Megan Leigh McDonald
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'Don't make me think.' Steve Krug

Megan Leigh McDonald

Steve Krug’s “Don’t Make Me Think” (again)

Steve Krug's Don't Make Me ThinkSo once in awhile I pick up a standby classic and re-read it just to see if I understand the material in a new way. I have to say most of Steve’s book is awesome stuff, things that I picked up in bits and pieces from seminars, classes and other books and papers. The great part of his book is that he brought all those bits and pieces into one place. He makes really good points. The bit about taking information out of the page is something that really struck me this time and coincides with current work. The best solution to making things stand out sometimes is not adding to the page but taking away. In the trenches it’s not always easy to see that we’re just moving some information from one pile and into an even bigger pile of information. It’s too much like cleaning your apartment by moving it all into the closet. Sooner or later, someone’s going to open it and file an insurance claim you.

But enough of metaphors. The most valuable part of this book for me at this point in time though is the very end in the chapters about testing. Focus groups and ‘garage sale’ usability tests are relatively new to me. As a UE Designer in my current position, I participated in a formal focus group of our products last year. It reminded me of my grad school days and the scientific way I approached the business of design back then before getting thrown into the ‘real world’. Focus groups carry an inherent academic slant to them and sometimes convincing people in business of their worth is an obstacle.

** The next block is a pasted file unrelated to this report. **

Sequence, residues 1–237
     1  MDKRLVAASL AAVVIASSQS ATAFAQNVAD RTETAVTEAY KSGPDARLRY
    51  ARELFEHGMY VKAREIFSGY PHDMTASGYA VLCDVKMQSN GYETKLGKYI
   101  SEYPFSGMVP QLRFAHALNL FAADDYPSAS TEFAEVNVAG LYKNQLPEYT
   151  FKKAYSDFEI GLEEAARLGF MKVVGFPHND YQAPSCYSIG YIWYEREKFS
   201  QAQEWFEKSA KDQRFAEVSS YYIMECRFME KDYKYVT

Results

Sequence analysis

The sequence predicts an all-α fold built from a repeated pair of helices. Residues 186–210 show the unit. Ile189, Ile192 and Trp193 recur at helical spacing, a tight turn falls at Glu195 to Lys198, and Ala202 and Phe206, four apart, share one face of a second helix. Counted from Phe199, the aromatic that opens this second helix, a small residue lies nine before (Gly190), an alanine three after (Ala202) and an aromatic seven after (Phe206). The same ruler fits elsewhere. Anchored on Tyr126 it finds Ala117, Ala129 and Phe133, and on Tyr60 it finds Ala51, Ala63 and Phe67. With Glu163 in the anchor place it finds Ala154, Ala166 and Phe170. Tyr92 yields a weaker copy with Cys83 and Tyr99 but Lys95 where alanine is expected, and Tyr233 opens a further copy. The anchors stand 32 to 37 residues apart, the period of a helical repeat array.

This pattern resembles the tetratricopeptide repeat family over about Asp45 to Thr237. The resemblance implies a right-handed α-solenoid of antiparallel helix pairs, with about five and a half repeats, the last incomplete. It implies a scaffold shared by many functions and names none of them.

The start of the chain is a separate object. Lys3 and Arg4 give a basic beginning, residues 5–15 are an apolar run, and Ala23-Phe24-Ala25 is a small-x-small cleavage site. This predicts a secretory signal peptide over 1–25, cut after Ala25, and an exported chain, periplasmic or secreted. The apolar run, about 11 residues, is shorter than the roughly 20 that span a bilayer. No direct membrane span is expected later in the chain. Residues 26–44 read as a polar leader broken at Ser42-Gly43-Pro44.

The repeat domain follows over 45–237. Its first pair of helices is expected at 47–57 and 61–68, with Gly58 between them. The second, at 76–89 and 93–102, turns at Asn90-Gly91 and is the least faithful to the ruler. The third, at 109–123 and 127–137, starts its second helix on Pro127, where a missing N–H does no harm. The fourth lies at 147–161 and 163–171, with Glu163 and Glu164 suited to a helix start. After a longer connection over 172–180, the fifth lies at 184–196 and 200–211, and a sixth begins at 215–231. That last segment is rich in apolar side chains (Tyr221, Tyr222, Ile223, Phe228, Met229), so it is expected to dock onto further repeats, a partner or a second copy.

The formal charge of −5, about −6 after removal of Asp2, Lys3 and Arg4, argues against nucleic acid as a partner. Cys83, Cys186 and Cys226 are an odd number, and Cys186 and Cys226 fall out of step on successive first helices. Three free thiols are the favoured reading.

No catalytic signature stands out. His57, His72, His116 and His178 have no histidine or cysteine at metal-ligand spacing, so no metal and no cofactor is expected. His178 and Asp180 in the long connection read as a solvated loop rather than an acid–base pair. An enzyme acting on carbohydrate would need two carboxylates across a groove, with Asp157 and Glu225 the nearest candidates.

I was overjoyed then to be able to participate in two more rounds of informal, internal usability sessions that followed. The last few chapters of Steve Krug’s book are like a recipe for getting some interesting exploratory research results for very little money and relatively little effort. It’s amazing that more people don’t conduct these. It definitely makes me crave to either set more of these up at work and of course will be a deciding factor in any new positions I consider in the future. It actually makes me interested in possibilities within usability research firms themselves. I’ll have to explore more on the Internet about companies like this. It appeals to my academic side. I have urges to dig up my old publications from graduate school.

At any rate, Steve Krug’s book “Don’t Make Me Think” always makes me think…hmmm, I wonder if he read this blog, would he be slapping his forehead right now?

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